Concert Review: Splore-City, Auckland Town Hall

By Scott Kara, Jacqueline Smith

Kelis performs at Splore-City on Friday night. Photo / Hugh Sundae
Kelis performs at Splore-City on Friday night. Photo / Hugh Sundae

What: Splore-City

Where: Auckland Town Hall

When: Friday and Saturday night

It would have been more magical under the stars in Aotea Square where Splore-City was originally meant to be.

But by moving the two-day festival to the Auckland Town Hall it became a good old fashioned party, even if Friday night was a little under-whelming despite R&B-pop diva Kelis shaking her wild thing and singing all the hits.

Come Saturday night, with a bigger and more boisterous crowd in, the vastly different music acts - from the white boy soul of Mayer Hawthorne to the wall-of-sound whimsy of Caribou - rubbed along together well and turned the haloed hall into a giddy and often trippy dance party.

Splore - the biannual three-day music and arts festival that is usually held by the seaside - has never been one to ride the wave of predictability and its first central city event was no exception.

There was the friendly, fun, and live-it-up with your mates mood that's typical of Splore. And there was face painting, lots of trees and plants adorning the stage, and hot pink hairy monsters and leery green kermits wandering around. Put it this way, you know you're at Splore when a tall black broccoli woman is getting down right alongside you as if it's the most natural thing in the world.

In a seemingly odd move it was London producer Four Tet who kicked Saturday night off. But while he might be an introverted knob-twiddler he got the adoring and rowdy masses swinging when he put the hammer down and let rip with his futuristic electronica (like modern day early 90s trance) that's punctuated with shards of sound and niggly bits of noise.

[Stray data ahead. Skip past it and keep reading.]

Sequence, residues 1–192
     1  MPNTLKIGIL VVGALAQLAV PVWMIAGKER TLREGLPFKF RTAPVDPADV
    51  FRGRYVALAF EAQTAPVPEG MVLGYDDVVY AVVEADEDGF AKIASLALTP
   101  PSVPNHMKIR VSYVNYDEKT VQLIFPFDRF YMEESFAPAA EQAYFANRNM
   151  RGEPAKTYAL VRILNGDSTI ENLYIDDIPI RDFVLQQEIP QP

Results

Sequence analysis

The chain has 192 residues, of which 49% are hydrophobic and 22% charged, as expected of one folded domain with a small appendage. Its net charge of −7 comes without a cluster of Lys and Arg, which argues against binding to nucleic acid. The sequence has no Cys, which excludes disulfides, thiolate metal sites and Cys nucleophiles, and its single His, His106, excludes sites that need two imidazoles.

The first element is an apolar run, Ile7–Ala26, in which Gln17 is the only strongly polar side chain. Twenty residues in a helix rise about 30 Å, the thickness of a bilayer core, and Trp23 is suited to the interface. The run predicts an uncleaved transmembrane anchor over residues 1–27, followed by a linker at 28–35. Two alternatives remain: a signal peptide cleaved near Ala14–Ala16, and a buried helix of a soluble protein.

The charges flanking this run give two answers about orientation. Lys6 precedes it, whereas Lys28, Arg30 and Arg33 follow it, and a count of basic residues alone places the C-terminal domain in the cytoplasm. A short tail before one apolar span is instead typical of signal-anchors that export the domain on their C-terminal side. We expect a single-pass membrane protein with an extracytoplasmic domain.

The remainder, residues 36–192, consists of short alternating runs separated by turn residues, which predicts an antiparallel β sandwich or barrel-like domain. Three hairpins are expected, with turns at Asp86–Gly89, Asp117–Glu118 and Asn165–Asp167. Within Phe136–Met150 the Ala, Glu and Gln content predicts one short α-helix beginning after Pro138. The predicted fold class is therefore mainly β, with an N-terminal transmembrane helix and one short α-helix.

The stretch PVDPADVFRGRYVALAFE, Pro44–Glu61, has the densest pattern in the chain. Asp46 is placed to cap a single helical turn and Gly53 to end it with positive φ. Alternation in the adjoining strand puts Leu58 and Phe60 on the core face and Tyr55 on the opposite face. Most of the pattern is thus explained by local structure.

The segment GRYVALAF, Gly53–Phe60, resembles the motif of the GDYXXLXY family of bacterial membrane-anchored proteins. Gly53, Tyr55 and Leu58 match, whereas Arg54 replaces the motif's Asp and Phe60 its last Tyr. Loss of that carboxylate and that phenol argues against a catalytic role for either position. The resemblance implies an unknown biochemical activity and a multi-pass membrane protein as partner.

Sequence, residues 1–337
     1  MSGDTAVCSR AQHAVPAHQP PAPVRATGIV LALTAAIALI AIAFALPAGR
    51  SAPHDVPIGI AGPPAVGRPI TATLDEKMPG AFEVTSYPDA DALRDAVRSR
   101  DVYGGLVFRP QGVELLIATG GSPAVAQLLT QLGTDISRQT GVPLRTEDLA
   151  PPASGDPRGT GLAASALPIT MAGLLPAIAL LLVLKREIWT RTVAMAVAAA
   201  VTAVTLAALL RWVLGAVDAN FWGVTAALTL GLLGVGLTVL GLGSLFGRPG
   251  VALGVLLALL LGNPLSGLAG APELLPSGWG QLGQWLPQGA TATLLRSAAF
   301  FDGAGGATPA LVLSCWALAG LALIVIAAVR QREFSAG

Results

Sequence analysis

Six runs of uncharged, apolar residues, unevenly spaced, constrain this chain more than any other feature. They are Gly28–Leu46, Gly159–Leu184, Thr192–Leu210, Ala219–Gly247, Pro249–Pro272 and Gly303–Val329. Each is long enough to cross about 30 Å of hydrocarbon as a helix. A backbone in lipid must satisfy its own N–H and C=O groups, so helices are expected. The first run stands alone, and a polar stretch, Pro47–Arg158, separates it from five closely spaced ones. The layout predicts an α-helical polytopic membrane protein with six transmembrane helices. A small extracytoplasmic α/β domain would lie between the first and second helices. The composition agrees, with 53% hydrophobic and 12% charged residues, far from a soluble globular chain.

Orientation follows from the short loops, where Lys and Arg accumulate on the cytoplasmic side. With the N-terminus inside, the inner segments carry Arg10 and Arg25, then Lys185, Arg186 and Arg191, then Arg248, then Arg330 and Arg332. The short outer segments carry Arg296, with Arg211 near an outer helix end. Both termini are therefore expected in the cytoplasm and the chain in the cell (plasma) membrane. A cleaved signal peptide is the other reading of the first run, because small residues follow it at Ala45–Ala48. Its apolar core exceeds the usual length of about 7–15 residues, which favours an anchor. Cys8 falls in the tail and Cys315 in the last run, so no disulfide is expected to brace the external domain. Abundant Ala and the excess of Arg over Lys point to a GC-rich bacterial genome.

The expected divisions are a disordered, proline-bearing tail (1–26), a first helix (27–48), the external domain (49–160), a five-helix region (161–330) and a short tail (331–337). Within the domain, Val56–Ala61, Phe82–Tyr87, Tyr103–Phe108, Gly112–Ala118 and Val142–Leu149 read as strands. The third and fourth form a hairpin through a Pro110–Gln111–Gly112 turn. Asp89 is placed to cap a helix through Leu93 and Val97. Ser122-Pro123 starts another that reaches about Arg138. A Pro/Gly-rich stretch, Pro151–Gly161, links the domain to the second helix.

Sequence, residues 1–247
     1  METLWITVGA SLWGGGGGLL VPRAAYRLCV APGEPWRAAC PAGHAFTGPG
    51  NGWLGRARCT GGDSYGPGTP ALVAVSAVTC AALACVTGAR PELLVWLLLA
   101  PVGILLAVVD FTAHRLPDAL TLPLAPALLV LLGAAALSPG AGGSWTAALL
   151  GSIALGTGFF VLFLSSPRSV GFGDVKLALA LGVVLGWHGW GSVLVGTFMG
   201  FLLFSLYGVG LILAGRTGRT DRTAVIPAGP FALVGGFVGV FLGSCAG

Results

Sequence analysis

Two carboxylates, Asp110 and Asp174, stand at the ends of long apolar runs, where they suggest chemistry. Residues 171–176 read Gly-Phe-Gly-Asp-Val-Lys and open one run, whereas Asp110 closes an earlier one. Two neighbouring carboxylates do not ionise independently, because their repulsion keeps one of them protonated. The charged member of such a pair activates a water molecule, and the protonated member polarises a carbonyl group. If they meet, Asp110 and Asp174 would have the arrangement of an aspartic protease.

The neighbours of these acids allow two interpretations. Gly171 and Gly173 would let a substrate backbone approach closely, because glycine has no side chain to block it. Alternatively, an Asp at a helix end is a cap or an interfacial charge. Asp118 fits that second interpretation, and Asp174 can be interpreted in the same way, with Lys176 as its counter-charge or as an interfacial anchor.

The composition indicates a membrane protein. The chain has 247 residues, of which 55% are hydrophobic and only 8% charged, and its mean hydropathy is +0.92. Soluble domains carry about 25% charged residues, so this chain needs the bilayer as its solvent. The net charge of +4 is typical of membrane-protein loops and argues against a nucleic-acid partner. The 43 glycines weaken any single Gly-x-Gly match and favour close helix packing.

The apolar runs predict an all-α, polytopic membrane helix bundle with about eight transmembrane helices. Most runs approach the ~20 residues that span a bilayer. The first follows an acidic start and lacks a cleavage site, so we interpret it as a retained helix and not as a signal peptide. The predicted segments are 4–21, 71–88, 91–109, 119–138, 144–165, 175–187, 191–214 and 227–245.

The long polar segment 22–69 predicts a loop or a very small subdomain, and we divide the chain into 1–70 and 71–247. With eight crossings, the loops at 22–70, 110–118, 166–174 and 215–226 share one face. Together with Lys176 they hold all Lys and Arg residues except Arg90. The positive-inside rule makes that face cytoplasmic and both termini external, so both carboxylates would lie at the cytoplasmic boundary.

London trip hop-meets-lounge act Belleruche played a sweet but often twee set with occasional outbursts of rupturing beats before showman Mayer Hawthorne and his band the County took the stage. "Welcome to the Mayer Hawthorne show," he said before warning anyone standing with folded arms to go and stand at the back.

He got the crowd singing along to the sweet soul of Maybe So, Maybe No and doing "rain hands" for I Wish It Would Rain, during a set that also included a cover of the Doobie Brothers' What A Fool Believes and party tune The Ills, off his debut album A Strange Arrangement, was a pumped up and wailing finale. He's no Curtis Mayfield, but the lad can sing and he knows how to party.

It was Canadian chap Caribou (real name Dan Snaith) and his band who turned on a special hour-long set that took you up to the spectral dance floor in the sky, then had your ears crying in pain, before transporting you off to the tribal gathering.

While tracks like Odessa, with his dreamy vocals, are strange and poppy dance favourites, Snaith and band are at their best when they send a sonic centerpede out onto the dancefloor and get their jittery twitch and groove on.

Meanwhile, on Friday night, Barnaby Weir's folk-rock collective Fly My Pretties crammed themselves on the stage to fill the hall with the sound of Wellington. Anna Coddington and Age Pryor took care of the serenades while Aaron Tokona raised the funk factor towards the end.

After a brief interlude of performance art, Kelis took the stage. Dressed in a glittery mermaid-inspired ensemble, she strutted and thrust the air, proving she still has what it takes to bring the boys to the yard.

She showed she had more to offer than her collection of sing-along pop hits with a set that spanned her whole career, although it was big-bangers Millionaire, Milkshake (which she mixed with Madonna's Holiday) and Trick Me that were the night's party starters.

They warmed up the dance floor for British producer J Star, who kept the sweaty audience grooving until the wee hours.

And lets hope there's another Splore-City in the offing, only next time let's have it under the stars.

Reviewed by: Scott Kara and Jacqueline Smith

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